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Pediatr Pulmonol. 2004 Sep;38(3):204-9.

Relation of sweat chloride concentration to severity of lung disease in cystic fibrosis.

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Department of Pediatrics, Case Western Reserve University School of Medicine, Cleveland, Ohio 44106, USA.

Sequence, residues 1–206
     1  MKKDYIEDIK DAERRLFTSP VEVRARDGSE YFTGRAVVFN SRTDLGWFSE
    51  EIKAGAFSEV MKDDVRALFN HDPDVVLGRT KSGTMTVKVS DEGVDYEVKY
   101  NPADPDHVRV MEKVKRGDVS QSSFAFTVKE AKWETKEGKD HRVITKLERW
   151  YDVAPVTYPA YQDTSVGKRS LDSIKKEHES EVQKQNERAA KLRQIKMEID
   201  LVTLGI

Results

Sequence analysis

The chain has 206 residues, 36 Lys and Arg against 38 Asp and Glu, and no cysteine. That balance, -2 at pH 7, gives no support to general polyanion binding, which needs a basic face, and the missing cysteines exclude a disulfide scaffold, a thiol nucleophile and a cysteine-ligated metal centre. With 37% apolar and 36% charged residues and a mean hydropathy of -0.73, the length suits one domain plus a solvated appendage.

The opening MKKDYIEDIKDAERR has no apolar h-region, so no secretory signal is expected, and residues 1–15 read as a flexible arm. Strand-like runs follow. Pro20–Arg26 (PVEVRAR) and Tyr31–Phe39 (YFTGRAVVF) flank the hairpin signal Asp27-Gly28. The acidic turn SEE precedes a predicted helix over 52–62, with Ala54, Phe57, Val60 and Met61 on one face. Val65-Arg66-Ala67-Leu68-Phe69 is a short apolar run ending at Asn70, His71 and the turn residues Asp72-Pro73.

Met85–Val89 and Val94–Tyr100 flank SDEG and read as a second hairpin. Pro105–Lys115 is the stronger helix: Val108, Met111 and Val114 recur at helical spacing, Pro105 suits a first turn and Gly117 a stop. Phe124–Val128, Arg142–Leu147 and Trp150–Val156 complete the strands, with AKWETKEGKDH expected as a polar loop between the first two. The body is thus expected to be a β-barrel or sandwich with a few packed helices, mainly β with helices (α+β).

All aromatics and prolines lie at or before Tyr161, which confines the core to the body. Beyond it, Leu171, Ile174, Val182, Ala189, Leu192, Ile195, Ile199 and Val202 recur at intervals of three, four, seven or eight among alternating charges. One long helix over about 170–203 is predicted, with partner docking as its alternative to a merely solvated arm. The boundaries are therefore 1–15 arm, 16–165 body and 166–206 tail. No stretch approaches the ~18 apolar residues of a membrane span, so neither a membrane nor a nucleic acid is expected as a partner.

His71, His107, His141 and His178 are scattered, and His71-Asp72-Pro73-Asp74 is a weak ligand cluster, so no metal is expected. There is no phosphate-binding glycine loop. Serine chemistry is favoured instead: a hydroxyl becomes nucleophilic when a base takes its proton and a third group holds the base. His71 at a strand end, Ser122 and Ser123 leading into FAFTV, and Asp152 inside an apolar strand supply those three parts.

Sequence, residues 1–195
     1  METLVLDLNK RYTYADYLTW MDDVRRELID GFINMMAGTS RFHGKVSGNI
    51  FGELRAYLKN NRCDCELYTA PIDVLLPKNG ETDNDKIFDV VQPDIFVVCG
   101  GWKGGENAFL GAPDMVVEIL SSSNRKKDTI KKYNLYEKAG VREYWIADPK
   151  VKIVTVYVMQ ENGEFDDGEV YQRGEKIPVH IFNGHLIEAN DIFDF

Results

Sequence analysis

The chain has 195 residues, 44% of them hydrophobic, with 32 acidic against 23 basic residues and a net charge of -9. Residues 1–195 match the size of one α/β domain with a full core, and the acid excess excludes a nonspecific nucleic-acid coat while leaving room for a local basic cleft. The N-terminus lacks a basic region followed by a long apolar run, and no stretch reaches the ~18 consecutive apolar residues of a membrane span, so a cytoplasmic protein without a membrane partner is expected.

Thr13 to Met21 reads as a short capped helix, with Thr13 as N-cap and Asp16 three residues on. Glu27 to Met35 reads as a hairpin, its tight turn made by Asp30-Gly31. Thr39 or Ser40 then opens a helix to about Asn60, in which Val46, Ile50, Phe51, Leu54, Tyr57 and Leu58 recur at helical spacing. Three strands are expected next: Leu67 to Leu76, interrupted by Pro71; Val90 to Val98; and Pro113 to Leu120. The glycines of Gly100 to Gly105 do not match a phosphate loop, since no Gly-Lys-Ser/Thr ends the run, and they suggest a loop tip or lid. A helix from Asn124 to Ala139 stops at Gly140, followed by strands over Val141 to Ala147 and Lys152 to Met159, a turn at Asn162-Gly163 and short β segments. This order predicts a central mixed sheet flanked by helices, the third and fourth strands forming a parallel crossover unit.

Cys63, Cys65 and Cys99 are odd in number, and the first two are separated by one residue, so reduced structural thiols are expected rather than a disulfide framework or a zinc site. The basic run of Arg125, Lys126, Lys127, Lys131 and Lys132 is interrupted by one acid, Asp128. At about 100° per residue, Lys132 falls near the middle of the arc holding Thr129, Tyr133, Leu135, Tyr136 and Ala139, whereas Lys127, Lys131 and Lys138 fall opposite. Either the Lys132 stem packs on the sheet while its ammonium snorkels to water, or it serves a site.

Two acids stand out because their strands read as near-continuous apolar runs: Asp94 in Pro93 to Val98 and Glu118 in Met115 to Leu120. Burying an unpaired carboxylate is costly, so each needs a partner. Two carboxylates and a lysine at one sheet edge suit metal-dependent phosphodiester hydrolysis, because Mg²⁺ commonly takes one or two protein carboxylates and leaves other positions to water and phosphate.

In cystic fibrosis (CF), sweat chloride concentration has been proposed as an index of CFTR function for testing systemic drugs designed to activate mutant CFTR. This suggestion arises from the assumption that greater residual CFTR function should lead to a lower sweat chloride concentration, as well as protection against severe lung disease. This logic gives rise to the hypothesis that the lower the sweat chloride concentration, the less severe the lung disease. In order to test this hypothesis, we studied 230 patients homozygous for the DeltaF508 allele, and 34 patients with at least one allele associated with pancreatic sufficiency, born since January 1, 1955, who have pulmonary function data and sweat chloride concentrations recorded in our CF center database, and no culture positive for B. cepacia. We calculated a severity index for pulmonary disease, using an approach which takes into account all available pulmonary function data as well as the patient's current age and survival status. Patients with alleles associated with pancreatic sufficiency had significantly better survival (P = 0.0083), lower sweat chloride concentration (81.4 +/- 23.8 vs. 103.2 +/- 14.2 mEq/l, P < 0.0001), slower rate of decline of FEV(1) % predicted (-0.75 +/- 0.34 vs. -2.34 +/- 0.17% predicted per year), and a better severity index than patients homozygous for the DeltaF508 allele (median 73rd percentile vs. median 55th percentile, P = 0.0004). However, the sweat chloride concentration did not correlate with the severity index, either in the population as a whole, or in the population of patients with alleles associated with pancreatic sufficiency, who are thought to have some residual CFTR function. These data suggest that, by itself, sweat chloride concentration does not necessarily predict a milder pulmonary course in patients with cystic fibrosis.

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